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The validity of the Gait Variability Index for individuals with mild to moderate Parkinson's disease.

Journal article
Authors Linda Rennie
Espen Dietrichs
Rolf Moe-Nilssen
Arve Opheim
Erika Franzén
Published in Gait & posture
Volume 54
Pages 311-317
ISSN 1879-2219
Publication year 2017
Published at Institute of Neuroscience and Physiology, Department of Clinical Neuroscience
Pages 311-317
Language en
Links dx.doi.org/10.1016/j.gaitpost.2017....
www.ncbi.nlm.nih.gov/entrez/query.f...
Keywords Parkinson’s disease, Gait Variability Index, Construct validity, Walking, Balance
Subject categories Neurology, Physiotherapy

Abstract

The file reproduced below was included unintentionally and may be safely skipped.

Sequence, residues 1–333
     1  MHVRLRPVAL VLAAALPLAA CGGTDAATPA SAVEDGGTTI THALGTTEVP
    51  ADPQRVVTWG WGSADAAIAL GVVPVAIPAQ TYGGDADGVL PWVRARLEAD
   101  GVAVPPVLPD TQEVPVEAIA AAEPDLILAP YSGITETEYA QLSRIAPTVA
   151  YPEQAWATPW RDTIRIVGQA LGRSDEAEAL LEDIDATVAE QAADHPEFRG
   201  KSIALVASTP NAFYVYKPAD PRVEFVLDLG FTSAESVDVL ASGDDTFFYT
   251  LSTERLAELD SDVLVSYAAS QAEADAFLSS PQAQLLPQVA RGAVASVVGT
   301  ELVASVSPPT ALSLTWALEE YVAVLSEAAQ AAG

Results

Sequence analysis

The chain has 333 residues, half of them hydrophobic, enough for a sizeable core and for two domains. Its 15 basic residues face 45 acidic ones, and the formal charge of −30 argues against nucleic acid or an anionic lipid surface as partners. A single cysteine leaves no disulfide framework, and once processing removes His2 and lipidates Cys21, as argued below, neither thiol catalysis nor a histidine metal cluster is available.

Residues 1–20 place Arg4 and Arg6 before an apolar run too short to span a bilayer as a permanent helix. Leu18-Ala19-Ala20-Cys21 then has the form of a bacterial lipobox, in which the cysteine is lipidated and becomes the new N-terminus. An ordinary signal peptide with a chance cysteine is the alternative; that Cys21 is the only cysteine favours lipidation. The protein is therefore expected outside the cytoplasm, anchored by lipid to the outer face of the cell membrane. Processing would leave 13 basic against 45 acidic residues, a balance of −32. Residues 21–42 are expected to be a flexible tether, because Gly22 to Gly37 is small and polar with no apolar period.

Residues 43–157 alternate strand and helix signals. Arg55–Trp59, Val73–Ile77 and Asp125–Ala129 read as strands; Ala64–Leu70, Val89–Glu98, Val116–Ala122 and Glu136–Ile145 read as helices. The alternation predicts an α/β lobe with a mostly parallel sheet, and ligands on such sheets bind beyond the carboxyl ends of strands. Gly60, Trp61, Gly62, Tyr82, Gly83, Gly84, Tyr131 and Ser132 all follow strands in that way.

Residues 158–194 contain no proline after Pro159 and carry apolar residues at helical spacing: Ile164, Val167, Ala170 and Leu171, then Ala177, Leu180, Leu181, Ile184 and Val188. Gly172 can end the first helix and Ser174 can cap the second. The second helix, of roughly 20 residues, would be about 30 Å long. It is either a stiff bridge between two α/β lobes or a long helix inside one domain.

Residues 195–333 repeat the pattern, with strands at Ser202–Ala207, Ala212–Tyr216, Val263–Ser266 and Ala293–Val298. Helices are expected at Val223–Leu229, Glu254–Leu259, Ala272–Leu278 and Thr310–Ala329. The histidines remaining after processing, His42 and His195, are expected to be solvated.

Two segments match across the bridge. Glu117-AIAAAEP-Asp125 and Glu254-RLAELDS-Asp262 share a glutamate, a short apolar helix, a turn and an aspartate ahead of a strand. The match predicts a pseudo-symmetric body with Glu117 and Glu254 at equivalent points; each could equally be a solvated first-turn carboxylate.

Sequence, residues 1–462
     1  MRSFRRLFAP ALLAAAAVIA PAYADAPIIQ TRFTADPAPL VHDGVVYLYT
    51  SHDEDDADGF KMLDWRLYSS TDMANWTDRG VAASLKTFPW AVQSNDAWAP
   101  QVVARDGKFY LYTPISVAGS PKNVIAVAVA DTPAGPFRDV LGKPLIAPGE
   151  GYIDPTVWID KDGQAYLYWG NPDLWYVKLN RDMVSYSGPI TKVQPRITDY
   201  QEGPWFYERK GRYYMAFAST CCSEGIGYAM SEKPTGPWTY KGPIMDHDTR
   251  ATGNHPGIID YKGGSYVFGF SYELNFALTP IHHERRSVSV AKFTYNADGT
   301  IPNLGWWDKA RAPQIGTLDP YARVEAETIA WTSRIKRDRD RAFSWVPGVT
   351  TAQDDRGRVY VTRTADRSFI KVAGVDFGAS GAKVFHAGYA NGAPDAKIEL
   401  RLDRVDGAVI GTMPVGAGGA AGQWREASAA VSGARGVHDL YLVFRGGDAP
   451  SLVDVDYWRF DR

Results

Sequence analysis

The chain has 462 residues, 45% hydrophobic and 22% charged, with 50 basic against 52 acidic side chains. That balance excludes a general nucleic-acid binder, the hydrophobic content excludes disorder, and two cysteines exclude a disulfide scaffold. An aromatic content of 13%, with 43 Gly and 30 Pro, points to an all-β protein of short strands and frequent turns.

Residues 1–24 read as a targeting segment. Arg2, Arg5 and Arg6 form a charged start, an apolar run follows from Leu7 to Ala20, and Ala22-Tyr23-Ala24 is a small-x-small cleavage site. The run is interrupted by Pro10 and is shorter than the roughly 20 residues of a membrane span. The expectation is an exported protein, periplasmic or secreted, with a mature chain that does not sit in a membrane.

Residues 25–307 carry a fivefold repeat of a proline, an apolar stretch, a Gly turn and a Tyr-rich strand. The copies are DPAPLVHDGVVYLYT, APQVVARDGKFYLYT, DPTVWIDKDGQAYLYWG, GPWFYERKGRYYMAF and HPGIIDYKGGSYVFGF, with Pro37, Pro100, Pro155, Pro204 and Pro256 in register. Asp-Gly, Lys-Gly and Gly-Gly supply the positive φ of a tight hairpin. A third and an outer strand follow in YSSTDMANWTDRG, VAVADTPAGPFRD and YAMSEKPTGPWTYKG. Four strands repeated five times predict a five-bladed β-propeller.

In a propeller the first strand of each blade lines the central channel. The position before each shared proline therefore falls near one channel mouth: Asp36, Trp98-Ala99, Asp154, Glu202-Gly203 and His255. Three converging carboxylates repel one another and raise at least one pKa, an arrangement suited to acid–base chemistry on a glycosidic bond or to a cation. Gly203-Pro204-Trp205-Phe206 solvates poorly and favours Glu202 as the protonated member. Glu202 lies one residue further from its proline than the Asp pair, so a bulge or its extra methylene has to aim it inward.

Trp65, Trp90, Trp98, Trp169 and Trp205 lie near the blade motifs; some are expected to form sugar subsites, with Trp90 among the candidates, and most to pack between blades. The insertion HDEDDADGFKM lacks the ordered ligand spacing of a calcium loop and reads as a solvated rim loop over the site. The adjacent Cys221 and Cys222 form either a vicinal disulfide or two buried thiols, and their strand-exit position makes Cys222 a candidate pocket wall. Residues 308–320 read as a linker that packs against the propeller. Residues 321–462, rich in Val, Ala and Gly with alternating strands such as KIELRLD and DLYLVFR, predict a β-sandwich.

Increased step-to-step variability is a feature of gait in individuals with Parkinson's disease (PD) and is associated with increased disease severity and reductions in balance and mobility. The Gait Variability Index (GVI) quantifies gait variability in spatiotemporal variables where a score ≥100 indicates a similar level of gait variability as the control group, and lower scores denote increased gait variability. The study aim was to explore mean GVI score and investigate construct validity of the index for individuals with mild to moderate PD. 100 (57 males) subjects with idiopathic PD, Hoehn & Yahr 2 (n=44) and 3, and ≥60 years were included. Data on disease severity, dynamic balance, mobility and spatiotemporal gait parameters at self-selected speed (GAITRite) was collected. The results showed a mean overall GVI: 97.5 (SD 11.7) and mean GVI for the most affected side: 94.5 (SD 10.6). The associations between the GVI and Mini- BESTest and TUG were low (r=0.33 and 0.42) and the GVI could not distinguish between Hoehn & Yahr 2 and 3 (AUC=0.529, SE=0.058, p=0.622). The mean GVI was similar to previously reported values for older adults, contrary to consistent reports of increased gait variability in PD compared to healthy peers. Therefore, the validity of the GVI could not be confirmed for individuals with mild to moderate PD in its current form due to low associations with validated tests for functional balance and mobility and poor discriminatory ability. Future work should aim to establish which spatiotemporal variables are most informative regarding gait variability in individuals with PD.

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